We are reminded on a daily basis with the COVID-19 pandemic as to how precious good health is. While we are all consumed with wearing face masks, washing and sanitizing our hands, and being socially distanced, it is important to remind ourselves that there are other aspects of our health that we need to maintain and pay attention to.

As February approaches, we know this month is dedicated to matters of the heart for two reasons. The first is that people around the world look forward to celebrating love and friendship on February 14 for St. Valentine’s Day.

The second reason is that February is known as Heart Month. In Canada, months, as well as various weeks and days, throughout the year, are dedicated to educate, raise awareness, and help people who may someday be affected by a chronic disease or major illness.

The heart is one of the body’s most important organs (only taking a second seat to the brain). While research and prevention have come a long way, the statistics concerning heart health are still staggering. According to Heart & Stroke, one person dies in Canada every five minutes from heart conditions, stroke, or vascular cognitive impairment.

“Even though it’s a critical organ, we don’t often put much thought into heart health,” said Jody Kehler, Senior Living Specialist. “While heart disease and stroke just don’t affect seniors, studies have shown that the older you are, the higher the risk you are for heart disease.”

In terms of risks, it is believed that 90 per cent of people in Canada have at least one risk factor for heart conditions, stroke, or vascular cognitive impairment. Some risks, such as poor diet, smoking, lack of exercise, unhealthy weight, and excessive alcohol consumption are preventable. Other risks such as diabetes, atrial fibrillation, and hypertension (high blood pressure) are medically based and less preventable.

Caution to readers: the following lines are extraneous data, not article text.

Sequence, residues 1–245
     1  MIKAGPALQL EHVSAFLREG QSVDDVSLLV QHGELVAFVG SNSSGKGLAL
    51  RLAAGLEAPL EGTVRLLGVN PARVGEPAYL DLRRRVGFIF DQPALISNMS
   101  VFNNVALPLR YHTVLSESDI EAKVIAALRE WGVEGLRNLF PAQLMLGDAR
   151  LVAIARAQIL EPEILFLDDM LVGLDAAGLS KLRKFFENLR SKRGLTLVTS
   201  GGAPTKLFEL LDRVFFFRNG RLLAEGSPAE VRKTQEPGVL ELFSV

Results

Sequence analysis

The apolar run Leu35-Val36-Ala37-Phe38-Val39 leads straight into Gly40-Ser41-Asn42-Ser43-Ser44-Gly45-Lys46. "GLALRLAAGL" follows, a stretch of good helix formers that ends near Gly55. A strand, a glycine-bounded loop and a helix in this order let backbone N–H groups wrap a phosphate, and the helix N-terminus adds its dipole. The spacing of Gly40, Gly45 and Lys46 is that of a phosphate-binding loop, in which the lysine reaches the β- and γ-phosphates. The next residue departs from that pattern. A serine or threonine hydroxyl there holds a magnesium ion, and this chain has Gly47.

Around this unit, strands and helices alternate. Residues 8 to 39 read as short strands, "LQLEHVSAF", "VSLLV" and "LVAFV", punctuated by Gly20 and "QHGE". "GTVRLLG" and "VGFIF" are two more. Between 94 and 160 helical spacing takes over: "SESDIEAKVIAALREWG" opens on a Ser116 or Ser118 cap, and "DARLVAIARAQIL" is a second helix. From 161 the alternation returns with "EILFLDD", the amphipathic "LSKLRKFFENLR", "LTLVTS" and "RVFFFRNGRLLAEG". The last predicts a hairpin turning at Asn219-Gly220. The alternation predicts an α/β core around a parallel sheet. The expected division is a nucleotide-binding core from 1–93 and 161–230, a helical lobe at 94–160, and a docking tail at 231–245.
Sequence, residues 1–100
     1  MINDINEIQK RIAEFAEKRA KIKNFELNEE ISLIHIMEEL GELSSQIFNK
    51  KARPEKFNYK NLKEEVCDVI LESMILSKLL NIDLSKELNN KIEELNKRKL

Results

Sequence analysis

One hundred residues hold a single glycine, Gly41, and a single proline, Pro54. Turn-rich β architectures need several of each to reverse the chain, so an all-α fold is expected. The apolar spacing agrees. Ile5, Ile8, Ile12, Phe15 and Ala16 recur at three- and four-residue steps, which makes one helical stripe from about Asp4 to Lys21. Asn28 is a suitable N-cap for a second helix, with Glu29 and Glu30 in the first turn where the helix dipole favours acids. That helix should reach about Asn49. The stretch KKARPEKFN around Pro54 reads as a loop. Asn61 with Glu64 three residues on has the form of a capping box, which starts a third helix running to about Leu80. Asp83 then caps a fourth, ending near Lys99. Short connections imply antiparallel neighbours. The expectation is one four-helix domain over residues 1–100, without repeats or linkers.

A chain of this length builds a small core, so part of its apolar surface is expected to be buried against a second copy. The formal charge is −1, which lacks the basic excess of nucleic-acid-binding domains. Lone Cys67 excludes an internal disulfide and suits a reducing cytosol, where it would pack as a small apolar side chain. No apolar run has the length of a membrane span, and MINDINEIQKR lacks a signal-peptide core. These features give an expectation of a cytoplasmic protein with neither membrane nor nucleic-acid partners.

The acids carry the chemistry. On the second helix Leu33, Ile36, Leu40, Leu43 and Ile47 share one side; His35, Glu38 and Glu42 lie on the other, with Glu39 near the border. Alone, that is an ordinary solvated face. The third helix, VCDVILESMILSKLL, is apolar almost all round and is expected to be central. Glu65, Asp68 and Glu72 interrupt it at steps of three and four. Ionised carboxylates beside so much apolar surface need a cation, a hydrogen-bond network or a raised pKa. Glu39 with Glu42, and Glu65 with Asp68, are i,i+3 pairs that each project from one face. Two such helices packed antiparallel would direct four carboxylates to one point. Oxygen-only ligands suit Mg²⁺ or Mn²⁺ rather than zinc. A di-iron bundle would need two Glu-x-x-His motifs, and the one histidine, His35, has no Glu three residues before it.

“That’s why we need to focus on what is preventable. Regardless of age, it is never too late to motivate yourself to make lifestyle changes that will have a positive impact on your health.” said Kehler.

While activities have been at a bare minimum during the pandemic, being active (150 minutes of moderate to vigorous physical activity per week is recommended) and following Canada’s Food Guide are two ways you can work towards reducing your risk of heart disease and improving your overall health.

Another way is to celebrate Valentine’s Day. Decorate your windows with some bright, red paper hearts, bake cookies to share with your neighbours, send a handwritten letter to someone special in your life, or call an old friend. Every act of kindness will go a long way to improving your mental health, which may give you the strength and motivation you need to improve your physical health.